The total monthly energy production from the solar array shall be allocated to the participants in proportion to their share of participation in the 100 kW array. The resulting amount will be the credits in kilowatt-hours (kWhs) allocated per subscription unit. Each participating member’s account is credited the kWh for each unit they own, in effect lowering the monthly electric bill by the amount of renewable energy produced per unit. For example, let’s assume the array produces 12,000 kWh during the month, and you have purchased 2 subscription units totaling 560 watts of output. Your credit offset on your electric bill for that month would be 67 kWhs (560/100,800 x 12,000). If the electric meter at your residence for that month shows you used 1,000 kWhs, you would be billed for only 933 (1,000-67).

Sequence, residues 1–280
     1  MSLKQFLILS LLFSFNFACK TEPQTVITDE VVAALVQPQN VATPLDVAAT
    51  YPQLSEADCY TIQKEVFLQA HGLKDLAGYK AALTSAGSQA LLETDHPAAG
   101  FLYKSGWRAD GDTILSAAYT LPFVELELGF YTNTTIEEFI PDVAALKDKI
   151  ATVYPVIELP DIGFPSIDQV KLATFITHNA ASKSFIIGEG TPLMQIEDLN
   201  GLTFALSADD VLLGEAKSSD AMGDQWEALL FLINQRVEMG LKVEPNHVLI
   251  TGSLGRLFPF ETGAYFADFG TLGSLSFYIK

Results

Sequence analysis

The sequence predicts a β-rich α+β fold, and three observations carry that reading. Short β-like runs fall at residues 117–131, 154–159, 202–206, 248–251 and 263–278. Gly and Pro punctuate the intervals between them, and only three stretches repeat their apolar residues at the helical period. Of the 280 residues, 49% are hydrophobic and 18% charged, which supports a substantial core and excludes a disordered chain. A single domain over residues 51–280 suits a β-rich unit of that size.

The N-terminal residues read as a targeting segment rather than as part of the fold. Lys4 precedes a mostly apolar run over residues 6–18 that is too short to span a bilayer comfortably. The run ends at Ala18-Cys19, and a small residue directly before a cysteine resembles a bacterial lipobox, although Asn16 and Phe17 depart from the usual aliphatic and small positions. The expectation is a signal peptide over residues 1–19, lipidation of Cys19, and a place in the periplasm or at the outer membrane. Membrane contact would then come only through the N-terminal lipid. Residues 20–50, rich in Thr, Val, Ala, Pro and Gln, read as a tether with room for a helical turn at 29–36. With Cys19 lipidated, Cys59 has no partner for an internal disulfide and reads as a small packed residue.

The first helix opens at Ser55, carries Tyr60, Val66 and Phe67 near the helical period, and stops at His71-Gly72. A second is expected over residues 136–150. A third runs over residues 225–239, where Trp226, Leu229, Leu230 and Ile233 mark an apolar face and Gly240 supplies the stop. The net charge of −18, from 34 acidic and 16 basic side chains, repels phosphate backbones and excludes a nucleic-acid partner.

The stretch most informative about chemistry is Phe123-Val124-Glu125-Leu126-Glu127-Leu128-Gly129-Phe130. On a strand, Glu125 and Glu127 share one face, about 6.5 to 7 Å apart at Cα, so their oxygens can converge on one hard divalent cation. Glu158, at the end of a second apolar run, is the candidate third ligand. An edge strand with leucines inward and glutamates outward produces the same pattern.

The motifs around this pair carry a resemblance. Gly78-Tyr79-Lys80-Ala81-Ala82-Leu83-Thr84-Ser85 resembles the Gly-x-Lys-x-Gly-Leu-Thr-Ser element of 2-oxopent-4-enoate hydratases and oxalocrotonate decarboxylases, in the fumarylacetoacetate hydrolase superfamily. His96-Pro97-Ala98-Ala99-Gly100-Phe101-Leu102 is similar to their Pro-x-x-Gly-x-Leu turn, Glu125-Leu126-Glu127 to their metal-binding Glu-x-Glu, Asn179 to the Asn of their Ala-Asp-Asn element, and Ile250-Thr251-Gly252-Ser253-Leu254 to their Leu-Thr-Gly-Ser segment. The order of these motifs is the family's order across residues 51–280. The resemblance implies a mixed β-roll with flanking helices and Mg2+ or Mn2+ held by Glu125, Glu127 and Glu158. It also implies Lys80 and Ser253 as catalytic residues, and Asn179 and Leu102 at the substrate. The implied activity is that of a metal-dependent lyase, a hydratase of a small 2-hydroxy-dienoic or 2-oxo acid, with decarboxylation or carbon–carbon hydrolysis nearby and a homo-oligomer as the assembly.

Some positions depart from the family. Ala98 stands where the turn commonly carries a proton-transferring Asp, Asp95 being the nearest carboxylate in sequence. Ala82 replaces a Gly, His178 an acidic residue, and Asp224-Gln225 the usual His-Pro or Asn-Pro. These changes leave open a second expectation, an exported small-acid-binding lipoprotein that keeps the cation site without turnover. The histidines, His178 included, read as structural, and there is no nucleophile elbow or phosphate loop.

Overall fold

What happens if I purchase 100% of my past years average and my usage drops to less than the output of my purchased subscription units? Do I still get the credit for the number of units I purchased originally?
You will continue to receive credit for the monthly output of your full share of the total array, however, any kWhs in excess of the amount shown as used by the meter at your account location will get rolled over to the next month. However, at the end of the year if there is still excess production over use on your account it will be credited to your account at “avoided cost” which currently averages about .03 cents per kWh.
Will one subscription unit cover my entire electric bill?
Doubtful, as each unit will generate approximately 367 kWh annually. Energy production will vary based on total sunshine and time of year.
Can the subscriber sell his/her subscription units?
Yes. Subscribers may sell their subscription units to the Cooperative at a surrender value to be determined according to the number of years elapsed from the start-up date at the time of repurchase. The unit can also be transferred to another one of your accounts, or sold (or given) to another qualified Dunn Energy Cooperative member.
What if I move?
Subscribers will have 4 options:
- Sell the solar unit back to the Cooperative
- Keep the solar unit with existing home if the new member wants to purchase it.